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With More Than 5 Million Copies Sold, The Artist’s Way Continues to Change Lives. Author Julia Cameron Tells Us Why

With More Than 5 Million Copies Sold, The Artist’s Way Continues to Change Lives. Author Julia Cameron Tells Us Why

By Stacey Lindsay
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Julia Cameron has unequivocally changed how we view creativity. With the publication of The Artist's Way: A Spiritual Path to Higher Creativity in 1992, Cameron argues a democratic take on being artistic. She says every one of us has an "inner artist," and honoring it is how we save ourselves. The author anchors her book, which has sold more than 5 million copies, with two core exercises: "morning pages," a task to handwrite three pages of any thoughts every morning, and the "artist's date," a weekly commitment to spend alone time in a place of inspiration.

In the 30 years since its publication, famous artists have paid homage to The Artist's Way. Elizabeth Gilbert admitted Eat, Pray, Love—her global bestseller—wouldn't exist without it. The book has helped countless—literally countless—people (including this writer) unlock suffocated passions.

But what is most potent about The Artist's Way is the woman behind it. Cameron writes about her struggles, which include alcoholism and being a blocked screenwriter and journalist (her vocations that preceded her writing The Artist's Way and subsequent books) with such honesty that reading it makes you feel safe to acknowledge your pain—and your possibilities. "Whatever you think you can do or believe you can do, begin it," she writes. "Action has magic, grace, and power in it."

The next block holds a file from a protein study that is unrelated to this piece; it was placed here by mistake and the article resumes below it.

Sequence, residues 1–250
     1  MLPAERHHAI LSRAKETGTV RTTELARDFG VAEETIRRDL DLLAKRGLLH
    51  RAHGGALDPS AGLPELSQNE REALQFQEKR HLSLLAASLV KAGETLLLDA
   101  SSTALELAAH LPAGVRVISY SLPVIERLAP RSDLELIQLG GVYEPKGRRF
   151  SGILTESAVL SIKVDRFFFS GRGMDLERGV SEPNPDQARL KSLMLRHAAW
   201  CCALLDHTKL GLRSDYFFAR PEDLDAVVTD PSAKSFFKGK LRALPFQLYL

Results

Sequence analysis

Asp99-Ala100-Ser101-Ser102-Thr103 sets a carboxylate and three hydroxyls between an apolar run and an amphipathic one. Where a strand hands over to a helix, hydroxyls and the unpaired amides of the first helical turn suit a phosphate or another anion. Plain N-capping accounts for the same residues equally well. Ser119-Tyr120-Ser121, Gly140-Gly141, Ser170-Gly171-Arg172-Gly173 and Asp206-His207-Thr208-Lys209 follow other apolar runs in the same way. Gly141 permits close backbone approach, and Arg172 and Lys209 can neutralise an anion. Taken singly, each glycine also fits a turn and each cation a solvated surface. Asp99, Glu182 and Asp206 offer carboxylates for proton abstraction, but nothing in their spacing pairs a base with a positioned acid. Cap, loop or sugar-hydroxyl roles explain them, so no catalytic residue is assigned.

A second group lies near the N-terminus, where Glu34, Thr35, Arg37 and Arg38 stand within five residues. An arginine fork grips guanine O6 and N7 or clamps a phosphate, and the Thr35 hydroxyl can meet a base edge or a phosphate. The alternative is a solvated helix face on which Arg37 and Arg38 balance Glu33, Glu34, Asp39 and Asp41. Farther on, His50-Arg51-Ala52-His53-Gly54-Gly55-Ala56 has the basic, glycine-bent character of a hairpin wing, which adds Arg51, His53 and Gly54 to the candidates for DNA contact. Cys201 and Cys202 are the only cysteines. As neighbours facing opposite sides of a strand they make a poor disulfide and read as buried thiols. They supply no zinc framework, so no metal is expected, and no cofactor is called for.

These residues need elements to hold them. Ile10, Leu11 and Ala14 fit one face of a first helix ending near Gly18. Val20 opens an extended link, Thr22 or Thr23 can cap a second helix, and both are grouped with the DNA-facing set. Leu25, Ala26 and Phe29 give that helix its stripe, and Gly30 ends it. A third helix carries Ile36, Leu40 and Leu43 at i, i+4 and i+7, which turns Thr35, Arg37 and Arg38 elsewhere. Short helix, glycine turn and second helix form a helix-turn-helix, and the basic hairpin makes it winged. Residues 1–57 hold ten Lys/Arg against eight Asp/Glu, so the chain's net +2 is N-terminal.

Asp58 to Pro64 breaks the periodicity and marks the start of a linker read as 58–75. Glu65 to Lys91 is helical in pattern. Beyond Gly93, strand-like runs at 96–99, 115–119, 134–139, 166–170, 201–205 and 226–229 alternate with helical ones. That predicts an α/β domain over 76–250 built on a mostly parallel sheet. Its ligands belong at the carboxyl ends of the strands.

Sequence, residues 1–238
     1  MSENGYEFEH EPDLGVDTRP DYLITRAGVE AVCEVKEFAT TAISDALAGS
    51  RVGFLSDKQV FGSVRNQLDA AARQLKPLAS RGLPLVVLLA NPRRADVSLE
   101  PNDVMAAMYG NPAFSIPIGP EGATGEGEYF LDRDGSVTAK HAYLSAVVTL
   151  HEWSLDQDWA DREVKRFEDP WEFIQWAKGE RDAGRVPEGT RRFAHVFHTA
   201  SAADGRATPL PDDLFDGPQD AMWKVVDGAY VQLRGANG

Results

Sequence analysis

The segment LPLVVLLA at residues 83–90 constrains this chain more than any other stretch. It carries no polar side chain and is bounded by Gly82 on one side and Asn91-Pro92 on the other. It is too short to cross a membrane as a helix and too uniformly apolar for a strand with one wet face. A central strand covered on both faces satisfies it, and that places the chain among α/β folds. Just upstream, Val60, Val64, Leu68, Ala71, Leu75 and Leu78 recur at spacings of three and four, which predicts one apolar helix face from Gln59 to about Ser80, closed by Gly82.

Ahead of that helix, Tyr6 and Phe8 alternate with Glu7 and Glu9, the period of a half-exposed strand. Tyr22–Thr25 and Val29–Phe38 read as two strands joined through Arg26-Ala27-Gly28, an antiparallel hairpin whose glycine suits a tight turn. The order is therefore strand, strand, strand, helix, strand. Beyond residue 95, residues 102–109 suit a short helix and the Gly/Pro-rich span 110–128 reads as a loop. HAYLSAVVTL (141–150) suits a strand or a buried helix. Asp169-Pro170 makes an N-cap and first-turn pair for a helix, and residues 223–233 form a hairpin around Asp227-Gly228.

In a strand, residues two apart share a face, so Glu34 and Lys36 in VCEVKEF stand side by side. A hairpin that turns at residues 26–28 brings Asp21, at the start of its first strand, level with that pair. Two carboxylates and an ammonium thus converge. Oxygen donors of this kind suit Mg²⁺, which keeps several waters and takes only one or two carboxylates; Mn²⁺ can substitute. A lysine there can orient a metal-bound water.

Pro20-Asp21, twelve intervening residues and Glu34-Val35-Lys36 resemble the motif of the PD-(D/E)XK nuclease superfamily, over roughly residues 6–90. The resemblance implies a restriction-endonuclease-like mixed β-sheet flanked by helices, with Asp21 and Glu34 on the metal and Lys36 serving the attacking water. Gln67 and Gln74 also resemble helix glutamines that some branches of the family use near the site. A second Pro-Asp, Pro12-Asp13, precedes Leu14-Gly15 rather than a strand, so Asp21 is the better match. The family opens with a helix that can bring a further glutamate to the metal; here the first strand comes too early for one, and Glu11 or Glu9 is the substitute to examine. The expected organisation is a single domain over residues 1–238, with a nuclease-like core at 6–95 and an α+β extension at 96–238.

I recently called Cameron to talk about tapping into our creativity. She spoke from her home in Santa Fe, off the heels of last year's thirtieth anniversary of The Artist's Way and on the cusp of the forthcoming republishing of her memoir. As we chatted, I realized that doing this work extends beyond ourselves. "When we do morning pages," Cameron tells me, "we become aware of our potential, we become aware of our gifts, and we become aware of our desire to connect."


Julia, you believe there's an artist within all of us. If we don't nurture our "inner artist," what do we miss out on?

We lose out on a sense of zest, a sense of fulfillment, and a sense of spontaneity. If we don't fulfill our creativity, we find ourselves feeling flat.

In your 30th anniversary edition of The Artist's Way, you write, "What begins as a risk soon becomes a risk taken." What do you say to the person who feels taking a creative risk is too much, given how overwhelming life can be?

You must try. What happens with people is that they come up with many excuses for not taking a risk. If you're worried about taking a risk, try it anyway. The morning pages train us to take risks a day at a time. They train us to expand.

You wrote an entire book about embracing creativity midlife and after. Do you still believe it's never too late?

I believe this to be true. We have what I would call a youth culture that trains us to think that we're over the hill after we're over 30. A lot of times, you may be telling yourself it's too late for me. If I haven't done it by now, I won't do it.

I believe that we all have dreams. Some of them are buried, and it takes morning pages to excavate the dreams and bring them to the surface again. When we do that, we find ourselves.

You say that the tools in The Artist's Way are lifesavers. Will you talk about that?